Portland City Council candidate recalls impact of Girl Guard program

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Portland City Council candidate recalls impact of Girl Guard program

by Amanda Fritz –

Amanda Fritzpsychiatric nurse, community activist, and Salvationistis running for the Portland City Council. In the May primary election, Fritz received a majority of votes (64,430) but not enough to avoid a runoff; she now awaits the general election in November. Recently, Fritz shared the following…

This Sunday at the morning meeting, several officers and soldiers of the Portland Tabernacle Corps asked me how my campaign for city council is going. Each time, I answered, “I’m so tired…please pray for strength for me.”

After the meeting, I returned home, grabbed a quick lunch, and then headed up to St. Johns Booksellers for a “Meet and Greet” event where nearby residents can stop to chat with me.

I arrived promptly to see a woman in her early 30s talking with my campaign staffer. She turned to face me and smiled. “I know you!” I said, and started searching my brain to figure out where I’d seen her.

“I’m Amianne,” she said. “I was in your Girl Guard troop 20 years ago. Look!”

She pulled out a dog-eared photograph, showing a teenage Amianne and a much younger me with a couple of other girls at a beach campout. Memories came flooding back…mostly that that trip was the worst organized expedition I have ever put on. I didn’t check how long it would take to reach the park, and the drive was way longer than I’d guessed. We ended up hiking in to the campsite and setting up the tent in the dark, dinner was served around 10 p.m., and I remember mosquitoes and bees figuring into the weekend significantly. Amianne grinned with the same sweet smile she had at 13. “It was the best,” she said.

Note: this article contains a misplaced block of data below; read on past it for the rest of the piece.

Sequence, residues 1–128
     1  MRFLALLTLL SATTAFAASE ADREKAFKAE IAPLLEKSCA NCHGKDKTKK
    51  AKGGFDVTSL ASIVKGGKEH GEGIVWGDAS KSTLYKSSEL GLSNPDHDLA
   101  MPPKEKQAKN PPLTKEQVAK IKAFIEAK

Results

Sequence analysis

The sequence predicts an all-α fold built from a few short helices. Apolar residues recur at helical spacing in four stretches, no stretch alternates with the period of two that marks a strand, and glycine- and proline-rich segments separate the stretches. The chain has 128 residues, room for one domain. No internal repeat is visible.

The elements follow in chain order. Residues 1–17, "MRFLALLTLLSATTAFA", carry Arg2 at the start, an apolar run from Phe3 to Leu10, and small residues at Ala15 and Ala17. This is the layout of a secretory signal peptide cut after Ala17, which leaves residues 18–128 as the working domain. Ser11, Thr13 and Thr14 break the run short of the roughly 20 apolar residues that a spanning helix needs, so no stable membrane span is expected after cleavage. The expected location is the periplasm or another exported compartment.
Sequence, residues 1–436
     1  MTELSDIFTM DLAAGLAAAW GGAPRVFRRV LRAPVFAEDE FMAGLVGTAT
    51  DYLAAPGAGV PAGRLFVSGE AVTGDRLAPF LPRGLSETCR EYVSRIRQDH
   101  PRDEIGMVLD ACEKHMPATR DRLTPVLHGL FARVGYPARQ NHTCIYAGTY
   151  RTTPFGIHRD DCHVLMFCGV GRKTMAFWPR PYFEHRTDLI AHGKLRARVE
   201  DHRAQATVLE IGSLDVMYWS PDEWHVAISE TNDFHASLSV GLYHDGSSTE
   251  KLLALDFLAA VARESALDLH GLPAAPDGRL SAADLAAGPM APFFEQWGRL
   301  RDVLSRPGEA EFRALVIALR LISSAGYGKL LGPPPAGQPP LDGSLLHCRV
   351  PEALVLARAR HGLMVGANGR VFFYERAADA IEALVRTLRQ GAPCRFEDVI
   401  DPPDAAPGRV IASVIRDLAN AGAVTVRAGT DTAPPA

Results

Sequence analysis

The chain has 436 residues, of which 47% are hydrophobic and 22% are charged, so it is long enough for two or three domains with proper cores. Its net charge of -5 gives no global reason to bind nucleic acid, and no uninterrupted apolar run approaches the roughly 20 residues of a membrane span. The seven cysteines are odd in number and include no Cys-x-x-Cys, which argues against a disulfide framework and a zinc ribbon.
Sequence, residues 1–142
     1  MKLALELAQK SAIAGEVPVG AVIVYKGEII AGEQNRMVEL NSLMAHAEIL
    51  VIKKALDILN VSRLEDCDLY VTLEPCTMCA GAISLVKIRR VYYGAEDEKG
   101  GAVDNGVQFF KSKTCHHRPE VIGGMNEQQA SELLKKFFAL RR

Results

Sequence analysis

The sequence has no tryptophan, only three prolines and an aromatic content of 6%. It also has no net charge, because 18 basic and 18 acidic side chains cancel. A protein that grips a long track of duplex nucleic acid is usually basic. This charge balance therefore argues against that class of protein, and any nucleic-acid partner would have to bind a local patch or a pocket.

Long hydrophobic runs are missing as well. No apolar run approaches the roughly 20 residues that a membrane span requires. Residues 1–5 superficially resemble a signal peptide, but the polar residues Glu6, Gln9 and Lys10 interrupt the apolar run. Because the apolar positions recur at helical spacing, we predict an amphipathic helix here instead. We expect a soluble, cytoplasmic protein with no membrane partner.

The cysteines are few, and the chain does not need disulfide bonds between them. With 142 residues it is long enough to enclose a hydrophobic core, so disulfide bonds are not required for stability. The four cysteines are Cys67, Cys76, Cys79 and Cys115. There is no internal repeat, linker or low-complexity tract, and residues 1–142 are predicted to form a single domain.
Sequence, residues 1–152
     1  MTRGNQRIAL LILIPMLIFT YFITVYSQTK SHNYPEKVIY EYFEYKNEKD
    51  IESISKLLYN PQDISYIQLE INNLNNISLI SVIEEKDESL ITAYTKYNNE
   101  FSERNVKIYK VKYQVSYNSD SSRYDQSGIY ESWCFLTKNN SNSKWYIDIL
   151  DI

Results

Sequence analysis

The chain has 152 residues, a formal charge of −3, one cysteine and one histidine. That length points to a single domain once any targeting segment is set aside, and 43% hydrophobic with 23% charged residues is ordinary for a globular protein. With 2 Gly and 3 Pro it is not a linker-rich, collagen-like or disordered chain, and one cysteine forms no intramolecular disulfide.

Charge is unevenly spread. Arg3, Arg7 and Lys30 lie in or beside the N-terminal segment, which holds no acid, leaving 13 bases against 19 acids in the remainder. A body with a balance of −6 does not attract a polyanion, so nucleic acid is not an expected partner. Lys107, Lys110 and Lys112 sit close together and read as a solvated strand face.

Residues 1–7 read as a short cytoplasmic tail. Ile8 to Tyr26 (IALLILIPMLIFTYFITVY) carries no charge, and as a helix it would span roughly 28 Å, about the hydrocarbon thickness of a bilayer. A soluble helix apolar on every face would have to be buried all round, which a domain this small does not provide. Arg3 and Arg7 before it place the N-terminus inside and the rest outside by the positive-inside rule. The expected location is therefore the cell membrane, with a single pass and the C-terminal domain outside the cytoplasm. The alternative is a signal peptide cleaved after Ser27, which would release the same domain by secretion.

Amianne is the only child of two parents with cerebral palsy. That campout was the first time she had camped in a tent, because of her parents’ disabilities. She went on to tell me how important I had been to her when she was a teenager—as a mentor, friend, and adult woman outside of her family who cared about her. She said her time in Girl Guards led her to believe she could do anything, be anything, and succeed whatever the odds.

Now some years later, Amianne said she thinks of her experience in Girl Guards often and works hard to mentor young people in her life. She’s a successful entrepreneur, running her own “aging in place” business that helps seniors find the services and home improvements that allow them to live independently. She also invested in real estate, and now owns several rental properties. Amianne also got married two years ago.

When I heard Amianne’s story, saw the photograph she saved for 20 years, and felt the warmth of her hug and the sincerity in her eyes, I suddenly wasn’t tired.

I am convinced that the unexpected blessing of Amianne’s encouragement to me today was an answer to the prayers of you who are supporting me. I am so thankful for The Salvation Army, whose soldiers, officers, and staff provide love and care that changes lives and is remembered for decades.

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